One of the biggest talking points in the British media over the past few years has been how well young female artists are doing in music charts and sales. Women like Lily Allen and Amy Winehouse are most certainly on top when it comes to making clever and popular music, and Fiona Sturges writes about this in today’s Independent.
Sturges questions whether these incredibly successful women artists, who are topping the charts and enjoying a new level of success on their own terms, point to a new equality in the music business. She doesn’t think so, and argues that if we look behind the success of these women, we find a different story. Beyond writing and performing music, there are myriad employees that reply on the music industry to keep them afloat – agents, managers, record label employees, PRs, radio station employees, music magazine writers … and most of them are men.
Sturges, an established music journalist, says that:
‘In my 13 years writing about music I have found myself overwhelmingly outnumbered by men in both print and at music events, from gigs and showcases to music conferences. Although the male-female ratio has improved among music writers in recent years, the most cursory glance at almost any music publication… reveals that male writers still significantly outnumber female ones. The implication seems to be that the serious business of rock and pop appreciation is still a male obsession even though the female audience [for music] very clearly illustrates otherwise.’
According to Sturges, the gender divide in music, that she has experienced first-hand, becomes more apparent in the realm of live music – despite audiences being broadly divided between men and women, backstage is apparently almost exclusively a male domain. When considering this, I can’t help but think about ‘the mommy track,’ which I mentioned in a post about women in the US mililtary here on Zelda Lily earlier this week – the fact that balancing paid employment with a family life can be problematic, and often career-destroying for women.
The issue of family life is something that continually raises its head when it comes to women in the workplace. In an ideal world, the issue of balancing work with childcare would be just as applicable to men as it is women. But women still take on more parental responsibility and, according to Sturges’ article, evidence suggests that the music industry makes it especially difficult for women to maintain their careers and raise their family.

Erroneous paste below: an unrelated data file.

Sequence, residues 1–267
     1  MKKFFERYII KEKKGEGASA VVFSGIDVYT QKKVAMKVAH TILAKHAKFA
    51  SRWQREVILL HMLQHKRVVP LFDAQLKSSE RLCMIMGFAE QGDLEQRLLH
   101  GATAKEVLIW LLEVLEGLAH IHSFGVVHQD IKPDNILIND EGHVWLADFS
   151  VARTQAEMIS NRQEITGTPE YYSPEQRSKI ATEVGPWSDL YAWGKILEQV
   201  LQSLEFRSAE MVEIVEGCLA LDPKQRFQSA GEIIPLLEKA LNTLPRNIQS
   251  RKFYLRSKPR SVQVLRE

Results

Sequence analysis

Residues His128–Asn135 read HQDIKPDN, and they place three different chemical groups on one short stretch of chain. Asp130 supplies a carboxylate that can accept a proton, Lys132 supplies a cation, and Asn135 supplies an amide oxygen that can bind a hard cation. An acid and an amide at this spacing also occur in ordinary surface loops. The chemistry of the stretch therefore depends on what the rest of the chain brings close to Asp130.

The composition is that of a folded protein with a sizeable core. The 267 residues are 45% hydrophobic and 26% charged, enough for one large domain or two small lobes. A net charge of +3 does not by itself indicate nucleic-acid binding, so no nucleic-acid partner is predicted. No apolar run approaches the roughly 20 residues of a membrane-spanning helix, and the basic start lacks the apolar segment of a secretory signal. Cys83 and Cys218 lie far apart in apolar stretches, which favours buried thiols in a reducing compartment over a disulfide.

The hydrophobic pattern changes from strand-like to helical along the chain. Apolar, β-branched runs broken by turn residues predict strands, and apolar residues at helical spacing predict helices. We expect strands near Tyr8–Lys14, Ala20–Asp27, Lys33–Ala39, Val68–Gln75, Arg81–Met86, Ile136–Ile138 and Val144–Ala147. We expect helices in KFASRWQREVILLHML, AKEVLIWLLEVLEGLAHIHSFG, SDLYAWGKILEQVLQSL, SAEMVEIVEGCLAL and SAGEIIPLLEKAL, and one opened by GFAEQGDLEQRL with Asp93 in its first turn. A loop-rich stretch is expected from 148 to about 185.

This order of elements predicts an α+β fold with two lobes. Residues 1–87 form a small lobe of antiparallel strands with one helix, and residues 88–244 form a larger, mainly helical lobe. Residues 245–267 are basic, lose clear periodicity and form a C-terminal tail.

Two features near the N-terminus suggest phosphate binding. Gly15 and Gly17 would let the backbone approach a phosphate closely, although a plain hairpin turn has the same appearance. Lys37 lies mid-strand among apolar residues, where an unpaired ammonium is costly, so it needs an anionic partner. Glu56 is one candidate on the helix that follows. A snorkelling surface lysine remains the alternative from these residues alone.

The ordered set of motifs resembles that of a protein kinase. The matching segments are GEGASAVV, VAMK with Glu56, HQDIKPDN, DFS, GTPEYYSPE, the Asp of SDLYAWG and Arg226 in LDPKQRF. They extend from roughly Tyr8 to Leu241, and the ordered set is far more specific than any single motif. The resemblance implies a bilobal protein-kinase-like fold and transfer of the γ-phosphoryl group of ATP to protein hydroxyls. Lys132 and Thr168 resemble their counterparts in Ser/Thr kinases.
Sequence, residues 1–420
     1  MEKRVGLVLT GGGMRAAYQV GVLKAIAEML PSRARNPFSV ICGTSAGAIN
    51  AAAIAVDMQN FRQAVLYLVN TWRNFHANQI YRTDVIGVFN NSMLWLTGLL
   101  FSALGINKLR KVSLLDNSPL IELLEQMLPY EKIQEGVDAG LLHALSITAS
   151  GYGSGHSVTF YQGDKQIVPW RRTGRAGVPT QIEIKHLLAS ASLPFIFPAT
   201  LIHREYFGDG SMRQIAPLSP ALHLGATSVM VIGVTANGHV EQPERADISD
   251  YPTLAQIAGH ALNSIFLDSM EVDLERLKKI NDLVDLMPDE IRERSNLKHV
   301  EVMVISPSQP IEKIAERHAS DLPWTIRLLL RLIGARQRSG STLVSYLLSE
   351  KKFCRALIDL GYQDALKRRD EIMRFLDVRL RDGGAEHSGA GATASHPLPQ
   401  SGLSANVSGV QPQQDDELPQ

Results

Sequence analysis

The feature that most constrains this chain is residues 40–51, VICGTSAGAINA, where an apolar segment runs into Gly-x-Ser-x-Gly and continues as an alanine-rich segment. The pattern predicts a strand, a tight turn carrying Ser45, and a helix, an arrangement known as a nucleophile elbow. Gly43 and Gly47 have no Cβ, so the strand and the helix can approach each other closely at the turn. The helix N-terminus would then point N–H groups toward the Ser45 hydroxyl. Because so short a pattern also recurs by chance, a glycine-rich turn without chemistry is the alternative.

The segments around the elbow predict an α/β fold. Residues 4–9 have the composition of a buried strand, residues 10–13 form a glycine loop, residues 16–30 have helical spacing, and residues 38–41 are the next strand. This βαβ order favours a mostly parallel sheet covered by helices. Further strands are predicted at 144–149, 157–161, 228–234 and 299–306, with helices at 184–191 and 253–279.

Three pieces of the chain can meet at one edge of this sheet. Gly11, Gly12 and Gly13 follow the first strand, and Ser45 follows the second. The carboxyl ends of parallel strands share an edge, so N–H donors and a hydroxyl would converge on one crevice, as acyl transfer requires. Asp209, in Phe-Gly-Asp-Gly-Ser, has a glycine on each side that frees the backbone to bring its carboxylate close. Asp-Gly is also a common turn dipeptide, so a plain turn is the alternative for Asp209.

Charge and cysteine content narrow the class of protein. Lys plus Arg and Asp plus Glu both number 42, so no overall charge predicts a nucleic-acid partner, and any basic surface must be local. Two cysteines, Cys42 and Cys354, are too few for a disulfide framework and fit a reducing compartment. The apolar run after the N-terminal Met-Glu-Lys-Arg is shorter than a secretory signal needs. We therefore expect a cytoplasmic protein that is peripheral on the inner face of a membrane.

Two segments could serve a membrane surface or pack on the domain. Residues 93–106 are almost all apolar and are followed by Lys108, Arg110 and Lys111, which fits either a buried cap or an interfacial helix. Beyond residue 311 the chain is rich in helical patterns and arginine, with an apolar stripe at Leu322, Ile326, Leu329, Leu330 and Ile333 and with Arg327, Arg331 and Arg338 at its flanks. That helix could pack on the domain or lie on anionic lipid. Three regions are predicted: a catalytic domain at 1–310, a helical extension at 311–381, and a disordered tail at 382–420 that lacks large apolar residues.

With the exception of EMI, which has a female president, the top jobs at major record labels are generally held by men. A survey published last year, cited in Sturges’ article, revealed that 66% of people working in the record industry are male. Clearly, even with women on top in the music charts and outwardly promoting an industry that is supposedly progressive and creative, a glass ceiling still exists in the music world.
Whether it is battling with assumptions made about the female gender, or dealing with the challenges of maintaining a career and a family, it would seem that the majority of women don’t have it easy in the music business. With the bountiful recent media coverage of high-flying women like Winehouse and Allen, it’s not hard to draw the conclusion that women are expected to be fronting performers, and that the industry as a whole fails to recognise female talent behind the scenes.
Whilst we certainly can say that women fronting great music is a good thing in that it can give confidence to women and girls considering going into music the drive to forge themselves a career, I can’t help but wonder whether the positivity these women are supposed to represent is merely symbolic. Clearly, behind each of these women is a whole host of male co-writers, producers and other bods…
What do you guys think? Is the success of women like Amy Winehouse and Lily Allen a victory for females in music and a stride towards equality, or is it merely a drop in the ocean in an industry still very much dominated by men?